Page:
February 22, 2022

O’Leary: Mentorship Program provides opportunity

Johany Jutras/CFL.ca

It’s not quite that famous line from The Godfather III, where Jean-Philippe Bolduc thought he was out of football, only to be pulled back in.

Working as a lumber commodity trader for Boscus Canada Inc., Bolduc found his post-football playing career during the cancelled 2020 season. The four-year CFL vet that spent the duration of his time as a pro with the Ottawa REDBLACKS isn’t going full Michael Corleone, though, at least not yet. The 31-year-old is quite happy with the career he’s found, but football might always be able to tug at his heartstrings and pique his curiosity.

As one of six players chosen by the CFL Players’ Association to take part in the CFL’s Mentorship Program, he’ll get to scratch that football itch once again, while not having to get pulled all the way back into the game.

“Football has been part of my life forever. Before the pandemic, I thought when I was done playing I would still be involved somehow either coaching or any other role,” Bolduc told reporters on a conference call on Tuesday.

“The pandemic brought other opportunities for me so I was able to move on and I haven’t been involved in football since I left. But for me, it was a way to reconnect.”

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Stefan Charles, seen here in training camp with the Ottawa REDBLACKS in 2021, is eager to share his playing experiences with this year’s Ontario Regional combine participants (Photo: The Canadian Press)

The CFL and the CFLPA announced a partnership on Tuesday morning that gives current players and alumni exposure to the business side of league operations. Participants will learn about the work performed by various departments and build skills to transition into career paths with in football, the sporting community or other business environments.

For Bolduc, it’s the perfect way to get a sense of what the other side of football looks like, without having to give up a career that’s been rewarding for him in the last two years.

“I always wanted to work in football but there are so few jobs out there,” he said.

“And I’m not sure if I’ll like it. By spending a week in Toronto with everybody, higher management, senior roles in the CFL, I”ll be able to have a glimpse of what a job in football is, without committing myself to a whole career.”

Bolduc will be joined by Stefan Charles, Brett Lauther, Hugh O’Neill, Brian Simmons and Kenny Stafford.

The group will spend the week of March 7 in Toronto for a week of job shadowing, presentations and networking, culminating with the players assisting in the Ontario Regional Combine on March 10. At the end of the week, the participants will be paired with an individual mentor for ongoing advice and support.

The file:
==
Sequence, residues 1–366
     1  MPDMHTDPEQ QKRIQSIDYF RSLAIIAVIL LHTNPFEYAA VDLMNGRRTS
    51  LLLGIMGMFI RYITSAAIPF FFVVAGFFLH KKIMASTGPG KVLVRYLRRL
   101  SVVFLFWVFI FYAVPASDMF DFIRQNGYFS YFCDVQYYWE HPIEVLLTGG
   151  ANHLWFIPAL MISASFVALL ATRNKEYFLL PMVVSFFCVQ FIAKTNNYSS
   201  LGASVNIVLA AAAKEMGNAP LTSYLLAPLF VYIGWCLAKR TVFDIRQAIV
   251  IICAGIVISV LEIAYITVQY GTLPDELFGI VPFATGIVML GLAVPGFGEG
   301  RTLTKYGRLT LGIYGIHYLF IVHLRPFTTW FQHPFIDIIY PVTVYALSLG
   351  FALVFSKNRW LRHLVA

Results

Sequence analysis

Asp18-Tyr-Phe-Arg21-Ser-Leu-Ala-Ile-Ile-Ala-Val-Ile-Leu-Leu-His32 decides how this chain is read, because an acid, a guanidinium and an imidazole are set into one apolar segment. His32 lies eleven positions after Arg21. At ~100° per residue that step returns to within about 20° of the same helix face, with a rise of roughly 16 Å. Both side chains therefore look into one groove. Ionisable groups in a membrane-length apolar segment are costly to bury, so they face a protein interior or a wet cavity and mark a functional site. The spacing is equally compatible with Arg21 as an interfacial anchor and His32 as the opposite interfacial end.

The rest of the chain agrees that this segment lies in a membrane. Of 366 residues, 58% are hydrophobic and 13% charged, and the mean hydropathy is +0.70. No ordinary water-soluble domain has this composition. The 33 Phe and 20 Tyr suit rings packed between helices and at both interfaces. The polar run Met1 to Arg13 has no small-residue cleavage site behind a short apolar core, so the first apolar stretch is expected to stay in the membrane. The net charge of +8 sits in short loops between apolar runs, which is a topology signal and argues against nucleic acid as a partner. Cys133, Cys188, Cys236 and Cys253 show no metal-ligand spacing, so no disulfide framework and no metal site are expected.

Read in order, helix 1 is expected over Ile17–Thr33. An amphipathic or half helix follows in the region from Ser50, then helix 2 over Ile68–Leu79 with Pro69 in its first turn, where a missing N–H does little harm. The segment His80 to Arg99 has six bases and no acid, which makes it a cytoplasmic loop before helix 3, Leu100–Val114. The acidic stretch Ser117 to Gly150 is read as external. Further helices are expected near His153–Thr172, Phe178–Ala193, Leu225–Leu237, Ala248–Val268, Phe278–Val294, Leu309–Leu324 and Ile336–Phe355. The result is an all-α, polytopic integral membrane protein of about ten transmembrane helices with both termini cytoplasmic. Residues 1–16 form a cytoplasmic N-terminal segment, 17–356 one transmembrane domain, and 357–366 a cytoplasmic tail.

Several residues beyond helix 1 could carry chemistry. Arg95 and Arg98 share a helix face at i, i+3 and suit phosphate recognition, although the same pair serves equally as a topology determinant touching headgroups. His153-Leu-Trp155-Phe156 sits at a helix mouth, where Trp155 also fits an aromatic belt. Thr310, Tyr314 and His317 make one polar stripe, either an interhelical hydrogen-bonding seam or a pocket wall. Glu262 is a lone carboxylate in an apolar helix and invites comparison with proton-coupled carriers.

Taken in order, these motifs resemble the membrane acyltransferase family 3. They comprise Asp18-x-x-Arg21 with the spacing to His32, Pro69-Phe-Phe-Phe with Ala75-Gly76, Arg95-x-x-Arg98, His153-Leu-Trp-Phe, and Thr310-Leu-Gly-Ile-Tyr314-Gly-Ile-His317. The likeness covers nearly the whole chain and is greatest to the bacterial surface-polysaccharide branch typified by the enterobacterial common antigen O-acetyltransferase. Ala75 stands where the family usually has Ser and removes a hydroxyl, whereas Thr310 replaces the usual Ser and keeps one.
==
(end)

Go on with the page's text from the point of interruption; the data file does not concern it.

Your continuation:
Charles, who signed with the Edmonton Elks as a free agent on Feb. 9, comes into the partnership with a slightly different approach. With more of his playing days in front of him, the 33-year-old d-lineman is thinking about his post-playing days and what might await him.

“I think that the PA having this platform and bridging this between the players and the front office and the new talent coming in, I think that’s a real exciting thing to have available and I’m really eager to see what could happen,” Charles said, adding that he’s excited to talk to a crop of CFL hopefuls at the Ontario Regional Combine.

“Anything’s possible. Hopefully people grasp the opportunities that are being provided through the PA to do that. Whether it be coaching, whether it be on the administration side of it or the financial side of it. I think it’s good to have that conversation and be able to have that conversation with those people to see if there’s an opportunity.”

This first cohort of players that will take advantage of the mentorship program need look no further than the commissioner of the CFL, Randy Ambrosie, as an example of a former player that has had his career go full circle to land him back in the world of football.

A nine-year offensive lineman, Ambrosie became the league’s 14th commissioner in 2017.

“As players, you are so focused on capturing the Grey Cup and bringing joy and pride to your city and fans, but there is also life beyond the field to consider,” Ambrosie said in a statement.

“Our players give their all to our great game, and we must do better to support them, whether in the offseason or once their playing days have come to an end.

“The Player Mentorship Program is an investment in our players’ futures and also in the future of our communities. It’s our promise to help set up our players and alumni for success away from the field, while building a stronger league and country together.”

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